LeBow and TechGirlz Team to Teach Middle Schoolers Programming

TechGirlz at LeBow

From preparing a meal to opening the mail, most daily activities involve step-by-step processes that become habitual or repetitive. When paired with technology, those tasks can be automated through programming. Recently, a group of middle school girls came to LeBow to learn more about that process.

LeBow’s Center for Business Analytics delivered its second technology workshop for TechGirlz as part of the organization’s partnership with Drexel – an ongoing commitment to help educate middle school girls through technology. TechGirlz, founded by alumna Tracey Welson-Rossman ‘88, aims to inspire girls to explore the possibilities of technology to empower their future careers.

According to research conducted by Microsoft, more than 75 percent of girls feel empowered when participating in science, technology, engineering and mathematics (STEM) activities outside of the classroom, versus less than 50 percent for girls whose STEM exposure is limited to classroom activities. LeBow’s workshop took place just as Drexel University was recognized by Forbes as one of 2018’s top 25 STEM colleges in the United States.

Murugan Anandarajan, professor of MIS, and two students in LeBow’s MS Business Analytics program, Darshita Thakker and Irina Nedelcu, instructed 15 girls from various schools in Philadelphia for a three-hour, hands-on session in Gerri C. LeBow Hall.

The girls learned the basics of programming: the concept of providing instructions to a machine in order to automate processes. With a handful of Legos, Anandarajan told the group, “Tell me how to build a tower on the floor.” Participants instructed him to place a Lego on the floor, repeatedly adding one on top of another. Anandarajan complied, assembling an orderly structure.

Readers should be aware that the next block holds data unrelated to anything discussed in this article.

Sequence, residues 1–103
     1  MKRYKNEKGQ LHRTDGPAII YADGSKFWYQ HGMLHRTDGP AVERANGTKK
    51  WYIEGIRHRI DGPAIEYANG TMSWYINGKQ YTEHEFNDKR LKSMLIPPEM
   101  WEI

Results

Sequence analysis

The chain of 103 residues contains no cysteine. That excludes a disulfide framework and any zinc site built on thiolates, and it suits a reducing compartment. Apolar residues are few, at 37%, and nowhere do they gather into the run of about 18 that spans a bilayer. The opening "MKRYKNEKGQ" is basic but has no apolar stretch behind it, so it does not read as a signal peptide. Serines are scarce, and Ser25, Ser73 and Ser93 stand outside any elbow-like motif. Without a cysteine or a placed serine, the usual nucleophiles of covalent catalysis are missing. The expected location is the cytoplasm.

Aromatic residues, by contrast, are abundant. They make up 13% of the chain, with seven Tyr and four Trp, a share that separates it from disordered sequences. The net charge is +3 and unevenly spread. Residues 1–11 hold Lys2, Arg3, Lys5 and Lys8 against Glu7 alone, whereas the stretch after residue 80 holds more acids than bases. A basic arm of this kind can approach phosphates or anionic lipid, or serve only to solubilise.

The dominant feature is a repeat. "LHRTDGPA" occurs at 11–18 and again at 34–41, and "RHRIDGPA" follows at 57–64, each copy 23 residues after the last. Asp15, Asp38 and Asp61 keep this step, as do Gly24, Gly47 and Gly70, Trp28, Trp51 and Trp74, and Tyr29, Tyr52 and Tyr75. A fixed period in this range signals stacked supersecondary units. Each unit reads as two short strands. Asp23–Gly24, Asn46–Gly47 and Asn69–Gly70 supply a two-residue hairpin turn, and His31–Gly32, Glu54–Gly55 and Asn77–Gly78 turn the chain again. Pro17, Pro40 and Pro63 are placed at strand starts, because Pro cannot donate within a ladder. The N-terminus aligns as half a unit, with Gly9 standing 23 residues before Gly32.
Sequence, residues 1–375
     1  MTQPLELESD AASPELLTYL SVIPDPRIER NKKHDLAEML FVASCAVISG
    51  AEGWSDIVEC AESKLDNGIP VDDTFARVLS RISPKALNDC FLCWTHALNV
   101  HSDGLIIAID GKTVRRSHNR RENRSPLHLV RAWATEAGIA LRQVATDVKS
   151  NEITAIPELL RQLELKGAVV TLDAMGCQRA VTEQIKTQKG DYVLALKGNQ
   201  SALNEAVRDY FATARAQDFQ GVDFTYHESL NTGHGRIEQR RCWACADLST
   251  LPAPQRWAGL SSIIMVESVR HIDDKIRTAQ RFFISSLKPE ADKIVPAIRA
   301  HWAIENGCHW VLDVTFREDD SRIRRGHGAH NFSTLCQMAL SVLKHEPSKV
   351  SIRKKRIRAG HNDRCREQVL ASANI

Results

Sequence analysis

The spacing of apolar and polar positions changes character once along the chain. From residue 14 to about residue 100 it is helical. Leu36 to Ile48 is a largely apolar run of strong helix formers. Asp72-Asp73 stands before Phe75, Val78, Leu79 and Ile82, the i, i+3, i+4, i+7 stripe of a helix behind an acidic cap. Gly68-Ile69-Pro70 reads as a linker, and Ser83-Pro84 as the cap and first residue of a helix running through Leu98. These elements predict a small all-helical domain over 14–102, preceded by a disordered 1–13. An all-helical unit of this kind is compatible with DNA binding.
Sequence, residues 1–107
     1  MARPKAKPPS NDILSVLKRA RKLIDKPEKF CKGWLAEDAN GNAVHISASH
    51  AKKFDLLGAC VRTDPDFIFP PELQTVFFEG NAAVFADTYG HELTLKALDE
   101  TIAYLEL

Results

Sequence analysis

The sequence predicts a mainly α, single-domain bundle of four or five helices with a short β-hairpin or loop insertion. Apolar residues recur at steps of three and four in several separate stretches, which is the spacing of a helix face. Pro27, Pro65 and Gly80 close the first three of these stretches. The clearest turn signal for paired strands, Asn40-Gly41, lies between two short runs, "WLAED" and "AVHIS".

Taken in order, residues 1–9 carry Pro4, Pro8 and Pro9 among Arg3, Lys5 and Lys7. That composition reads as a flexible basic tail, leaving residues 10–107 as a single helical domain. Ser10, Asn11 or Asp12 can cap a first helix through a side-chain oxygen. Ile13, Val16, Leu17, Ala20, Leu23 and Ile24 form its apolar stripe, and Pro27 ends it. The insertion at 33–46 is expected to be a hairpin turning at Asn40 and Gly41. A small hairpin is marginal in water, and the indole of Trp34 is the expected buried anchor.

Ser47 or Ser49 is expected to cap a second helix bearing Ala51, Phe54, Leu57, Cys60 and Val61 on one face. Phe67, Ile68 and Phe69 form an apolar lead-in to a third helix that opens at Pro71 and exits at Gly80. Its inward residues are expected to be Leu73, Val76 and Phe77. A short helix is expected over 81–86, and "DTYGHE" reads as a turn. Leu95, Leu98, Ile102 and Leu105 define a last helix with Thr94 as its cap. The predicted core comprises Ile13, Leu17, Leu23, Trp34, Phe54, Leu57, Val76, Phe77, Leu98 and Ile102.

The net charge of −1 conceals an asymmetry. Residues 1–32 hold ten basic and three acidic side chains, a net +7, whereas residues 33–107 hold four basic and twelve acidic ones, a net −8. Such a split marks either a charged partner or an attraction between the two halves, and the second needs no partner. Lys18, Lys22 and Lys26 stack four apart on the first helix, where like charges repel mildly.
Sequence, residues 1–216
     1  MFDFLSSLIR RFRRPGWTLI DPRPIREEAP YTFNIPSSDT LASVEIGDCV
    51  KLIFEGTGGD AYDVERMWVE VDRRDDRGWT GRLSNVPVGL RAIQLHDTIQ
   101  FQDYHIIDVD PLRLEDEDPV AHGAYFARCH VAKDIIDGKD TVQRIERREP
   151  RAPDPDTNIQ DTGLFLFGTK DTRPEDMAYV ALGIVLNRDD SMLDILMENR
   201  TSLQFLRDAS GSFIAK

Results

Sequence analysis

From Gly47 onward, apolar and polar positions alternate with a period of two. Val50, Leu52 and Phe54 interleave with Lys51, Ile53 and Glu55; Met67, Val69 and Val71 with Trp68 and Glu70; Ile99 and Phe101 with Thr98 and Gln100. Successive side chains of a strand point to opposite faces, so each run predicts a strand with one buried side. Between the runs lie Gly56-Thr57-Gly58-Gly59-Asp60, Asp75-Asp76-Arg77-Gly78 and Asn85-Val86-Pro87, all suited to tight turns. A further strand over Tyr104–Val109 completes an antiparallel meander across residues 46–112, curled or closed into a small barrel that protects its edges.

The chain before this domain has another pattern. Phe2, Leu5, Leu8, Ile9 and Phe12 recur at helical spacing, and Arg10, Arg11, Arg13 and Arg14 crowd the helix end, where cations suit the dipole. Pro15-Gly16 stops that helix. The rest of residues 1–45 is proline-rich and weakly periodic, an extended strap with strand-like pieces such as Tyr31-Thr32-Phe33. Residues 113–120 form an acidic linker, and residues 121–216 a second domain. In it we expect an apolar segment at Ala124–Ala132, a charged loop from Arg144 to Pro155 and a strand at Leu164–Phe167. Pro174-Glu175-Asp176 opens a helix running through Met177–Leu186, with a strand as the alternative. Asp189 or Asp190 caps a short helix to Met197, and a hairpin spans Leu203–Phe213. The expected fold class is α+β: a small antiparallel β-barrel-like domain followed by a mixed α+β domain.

“Now tell me how to build a tower as if I’m a robot.” As he followed the same instructions, Legos chaotically dropped in all directions. A computer, he shared, needs to understand key concepts in order to function properly – in this case, the concept of gravity.

Instruction focused on Python, an open source programming language with an interactive shell. Students explored data types such as integers, floats and strings, tackled various programming puzzles, and ultimately learned how to translate a solution into a language that a computer can understand.

“It was a pleasure to teach girls who are passionate about technology,” said Nedelcu. “We covered several concepts that would normally take more than one session to cover, but the girls picked up the information quickly.”

“It’s inspirational to see how enthusiastic and knowledgeable the girls already are,” said Thakker. “Some use coding for school assignments, while others create their own video games. Each student has a great story to tell.”

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